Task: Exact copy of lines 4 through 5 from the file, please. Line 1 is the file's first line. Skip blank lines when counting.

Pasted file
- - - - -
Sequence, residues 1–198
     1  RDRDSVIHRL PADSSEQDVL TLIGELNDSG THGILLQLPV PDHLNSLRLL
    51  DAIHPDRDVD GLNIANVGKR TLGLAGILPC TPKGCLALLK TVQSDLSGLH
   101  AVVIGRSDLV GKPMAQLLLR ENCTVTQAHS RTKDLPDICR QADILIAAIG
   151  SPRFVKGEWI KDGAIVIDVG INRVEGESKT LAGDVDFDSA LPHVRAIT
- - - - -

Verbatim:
   101  AVVIGRSDLV GKPMAQLLLR ENCTVTQAHS RTKDLPDICR QADILIAAIG
   151  SPRFVKGEWI KDGAIVIDVG INRVEGESKT LAGDVDFDSA LPHVRAIT